Muslim Burmese refugees stay shut up in camps, fearing more violence

Muslim Burmese refugees stay shut up in camps, fearing more violence  24/04/2013

This photo is one of the rare images of the Meikhtila refugee camps, where policemen prevent journalists from filming or taking photos. It was taken in a camp set up in a school. The mother holding her infant told aid workers that her husband and two other young children were killed in the riots.
One month after the attacks that targeted its Muslim community, life in the central Burmese city of Meikhtila is still a long way from getting back to normal. Meikhtila’s police presence has been strengthened, and nearly half of the city’s 30,000 Muslim residents are now living in heavily-guarded refugee camps that they don’t dare venture out of.
According to the Burmese government’s latest figures, published in late March, nearly 12,000 Muslims living in Meikhtila fled their homes – many of which were burned to the ground – to find safety in camps set up in schools, in a stadium, and even in some Buddhist monasteries in and near Meikhtila. Several hundred more reportedly fled the region.
On March 20, a fight broke out in Meikhtila between a Muslim gold shop owner and a Buddhist client over the price of a hairclip the client was trying to sell. This incident spiralled out of control and sparked riots, which, according to witnesses, were led by Buddhist monks. Over the course of three days, 43 people were killed, and mosques, houses, and stores belonging to Muslim residents were looted and set on fire. This wave of violence then spread to several other cities in Burma.
According to the UN’s special envoy to Burma, numerous witnesses complained that police in Meikhtila stood by and watched as rioters attacked Muslims. Many other witnesses said they saw Buddhist monks from Mandalay participate in the riots. Mandalay, which is located 150 kilometres north of Meikhtila, is notably home to Wirathu, a Buddhist monk famous for his speeches denigrating Muslims, and for calling himself the “Burmese Bin Laden”, albeit one who is against Islam. All this has instilled a climate of fear for the region’s Muslim population, fear which has not eased one month later, according to our Observer.
This video, filmed shortly after the riots, shows Muslims moving into a refugee camp set up in Meikhtila’s athletic centre.

“We don’t dare leave the camp much. Never alone, and never at night”

Abdul Sein (not his real name) is Muslim. He had lived in Meikhtila his entire life before fleeing the city last month. He now lives in a refugee camp in Yin Daw, a village not far out of town, which he says he shares with about 3,000 other displaced Muslims.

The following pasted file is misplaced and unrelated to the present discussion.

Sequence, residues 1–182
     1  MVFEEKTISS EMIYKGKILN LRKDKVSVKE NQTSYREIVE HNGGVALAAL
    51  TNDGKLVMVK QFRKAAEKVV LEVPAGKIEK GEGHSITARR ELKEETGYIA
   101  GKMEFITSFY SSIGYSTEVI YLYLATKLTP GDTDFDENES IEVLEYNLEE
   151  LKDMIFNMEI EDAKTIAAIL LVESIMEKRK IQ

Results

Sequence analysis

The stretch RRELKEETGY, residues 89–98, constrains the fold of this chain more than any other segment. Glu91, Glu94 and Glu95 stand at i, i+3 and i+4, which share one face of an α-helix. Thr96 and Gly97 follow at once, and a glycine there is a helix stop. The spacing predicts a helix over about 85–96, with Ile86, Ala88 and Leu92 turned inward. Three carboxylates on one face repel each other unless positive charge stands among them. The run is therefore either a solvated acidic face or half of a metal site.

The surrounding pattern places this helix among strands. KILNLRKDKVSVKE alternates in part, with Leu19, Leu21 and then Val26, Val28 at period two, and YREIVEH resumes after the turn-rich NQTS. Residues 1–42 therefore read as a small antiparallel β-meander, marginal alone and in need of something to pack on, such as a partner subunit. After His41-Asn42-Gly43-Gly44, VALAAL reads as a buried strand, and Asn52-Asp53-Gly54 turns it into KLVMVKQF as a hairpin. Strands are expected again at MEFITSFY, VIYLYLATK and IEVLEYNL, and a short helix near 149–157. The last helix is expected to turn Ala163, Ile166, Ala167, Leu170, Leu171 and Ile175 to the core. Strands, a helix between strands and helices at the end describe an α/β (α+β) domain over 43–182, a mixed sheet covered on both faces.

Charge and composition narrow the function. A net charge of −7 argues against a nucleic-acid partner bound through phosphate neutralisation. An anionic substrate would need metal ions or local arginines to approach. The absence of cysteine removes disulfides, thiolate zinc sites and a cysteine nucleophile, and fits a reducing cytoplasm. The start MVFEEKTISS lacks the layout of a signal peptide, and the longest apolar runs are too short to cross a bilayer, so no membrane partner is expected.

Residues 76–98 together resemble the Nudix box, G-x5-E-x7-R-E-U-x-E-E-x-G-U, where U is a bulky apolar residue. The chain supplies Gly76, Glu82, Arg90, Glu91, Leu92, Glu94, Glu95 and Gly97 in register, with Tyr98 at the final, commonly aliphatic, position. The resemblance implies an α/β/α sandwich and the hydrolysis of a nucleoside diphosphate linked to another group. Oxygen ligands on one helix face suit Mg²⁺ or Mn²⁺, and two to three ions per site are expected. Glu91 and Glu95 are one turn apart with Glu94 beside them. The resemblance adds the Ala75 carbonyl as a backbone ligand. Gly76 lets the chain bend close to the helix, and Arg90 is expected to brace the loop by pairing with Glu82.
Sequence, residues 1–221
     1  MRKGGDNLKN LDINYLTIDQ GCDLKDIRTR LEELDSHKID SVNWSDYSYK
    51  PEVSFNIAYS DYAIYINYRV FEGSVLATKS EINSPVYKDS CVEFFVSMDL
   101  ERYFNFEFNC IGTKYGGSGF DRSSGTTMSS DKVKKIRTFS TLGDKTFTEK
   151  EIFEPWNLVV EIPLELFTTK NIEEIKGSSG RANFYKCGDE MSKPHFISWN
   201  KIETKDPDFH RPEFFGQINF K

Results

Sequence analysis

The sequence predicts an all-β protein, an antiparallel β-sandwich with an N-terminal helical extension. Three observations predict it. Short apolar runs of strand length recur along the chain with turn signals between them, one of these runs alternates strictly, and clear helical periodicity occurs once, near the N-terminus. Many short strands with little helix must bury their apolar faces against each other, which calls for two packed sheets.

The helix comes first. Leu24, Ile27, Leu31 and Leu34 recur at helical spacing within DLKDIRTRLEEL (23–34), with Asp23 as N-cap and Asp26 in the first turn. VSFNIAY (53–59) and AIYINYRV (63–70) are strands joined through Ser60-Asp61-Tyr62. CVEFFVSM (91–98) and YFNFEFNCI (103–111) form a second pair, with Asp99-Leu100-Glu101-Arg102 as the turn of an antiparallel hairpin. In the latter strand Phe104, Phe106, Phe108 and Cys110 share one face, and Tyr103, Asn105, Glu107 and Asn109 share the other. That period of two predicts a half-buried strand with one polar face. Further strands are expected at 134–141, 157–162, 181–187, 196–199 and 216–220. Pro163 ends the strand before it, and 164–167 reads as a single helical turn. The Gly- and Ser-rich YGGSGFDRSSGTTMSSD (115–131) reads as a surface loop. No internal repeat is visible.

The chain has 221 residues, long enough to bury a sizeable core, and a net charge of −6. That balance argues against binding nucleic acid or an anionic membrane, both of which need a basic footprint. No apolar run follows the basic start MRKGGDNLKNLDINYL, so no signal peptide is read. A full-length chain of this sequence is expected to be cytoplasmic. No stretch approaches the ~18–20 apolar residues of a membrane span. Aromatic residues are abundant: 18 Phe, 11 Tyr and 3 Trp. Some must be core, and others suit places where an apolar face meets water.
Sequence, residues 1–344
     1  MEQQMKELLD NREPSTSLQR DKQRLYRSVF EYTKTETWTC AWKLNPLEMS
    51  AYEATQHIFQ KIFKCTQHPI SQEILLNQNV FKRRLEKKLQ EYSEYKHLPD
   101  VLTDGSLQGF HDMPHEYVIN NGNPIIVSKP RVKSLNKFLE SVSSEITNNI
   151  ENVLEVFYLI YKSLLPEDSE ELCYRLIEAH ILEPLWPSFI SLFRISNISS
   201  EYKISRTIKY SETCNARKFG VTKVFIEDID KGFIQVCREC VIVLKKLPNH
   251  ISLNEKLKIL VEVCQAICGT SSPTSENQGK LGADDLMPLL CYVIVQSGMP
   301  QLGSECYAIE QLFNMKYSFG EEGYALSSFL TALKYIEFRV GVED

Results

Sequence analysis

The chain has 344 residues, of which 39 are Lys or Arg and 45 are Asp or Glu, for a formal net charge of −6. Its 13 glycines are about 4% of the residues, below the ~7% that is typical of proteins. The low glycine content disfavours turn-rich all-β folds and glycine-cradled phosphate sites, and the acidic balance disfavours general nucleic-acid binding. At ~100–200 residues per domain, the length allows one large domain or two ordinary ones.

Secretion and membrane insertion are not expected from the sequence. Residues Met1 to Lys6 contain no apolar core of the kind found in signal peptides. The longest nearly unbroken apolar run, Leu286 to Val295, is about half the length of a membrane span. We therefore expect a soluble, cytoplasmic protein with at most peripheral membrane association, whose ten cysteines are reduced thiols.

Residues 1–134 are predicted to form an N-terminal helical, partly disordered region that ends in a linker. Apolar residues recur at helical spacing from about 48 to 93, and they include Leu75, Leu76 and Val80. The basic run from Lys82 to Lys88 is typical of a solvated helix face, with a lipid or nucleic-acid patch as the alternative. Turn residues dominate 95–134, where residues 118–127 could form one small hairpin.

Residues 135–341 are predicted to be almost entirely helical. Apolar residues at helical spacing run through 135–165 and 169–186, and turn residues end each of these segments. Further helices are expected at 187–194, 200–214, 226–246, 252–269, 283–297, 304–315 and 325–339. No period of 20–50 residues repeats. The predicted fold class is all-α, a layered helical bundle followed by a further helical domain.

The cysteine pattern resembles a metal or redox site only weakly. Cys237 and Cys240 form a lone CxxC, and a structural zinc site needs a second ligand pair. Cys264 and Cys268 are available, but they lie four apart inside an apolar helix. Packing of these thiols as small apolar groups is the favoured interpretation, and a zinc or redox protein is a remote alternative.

The camp where I live, which is guarded by policemen, is located about 15 kilometres from Meikhtila. We have enough space, and enough to eat – mostly rice and water, which is brought in from outside. The food is given either by Muslim organisations, or by private donors, which are usually Muslim as well.
However, we are not free to go in and out of the camp as we please. We must get permission from the police. But anyhow, we don’t dare go out much. Nobody goes out alone during the day, and at night we stay in the camp. The women don’t go out at all anymore, after several of them said they were threatened with rape outside the camp.
“We have to try to forgive and forget”
I have not been able to go back to work since the attacks. I hope I will be able to do so soon, because I don’t have much money left. The day the riots started, I was just coming back from Mandalay. I saw several groups of people setting fire to mosques and attacking Muslim-owned stores. I managed to get to my house but I wasn’t able to grab much, just a few items made of gold and silver. My wife and I got on my motorcycle and drove directly to Yin Daw, which is about 15 kilometres away. Many other Muslims who didn’t have motorcycles or cars were fleeing by foot. Those who did have vehicles helped out those who were sick and old. About 500 people fled on that first night. Buddhists living along the road gave us food and water.
When the violence died down, I went back to check on my house in Meikhtila. There was nothing left. Everything had been stolen: our clothes, our tableware, our rice, our cooking oil…everything. I learned that one of my brothers had been killed. I don’t want to think about it anymore, because it makes me feel vengeful. We have to try to forgive and forget, and avoid any more violence.
I approve of Thein Sein’s government, but the military should do more to help control the situation in Meikhtila. The police did not intervene strongly enough during the riots. And if no action is taken against those responsible for the violence, we fear it will come back. Even if it doesn’t, we are still worried that Buddhist extremists will try to keep up from rebuilding our mosques and our homes, and that they will try to make it so Buddhists and Muslims can no longer live side by side.
The damage done
These satellite images, provided by Human Rights Watch, show a part of the city of Meikhtila before and after the riots. Whole neighbourhoods where Muslims lived were burned to the ground.

Photo taken on December 13, 2012.

Photo taken on March 27, 2013.

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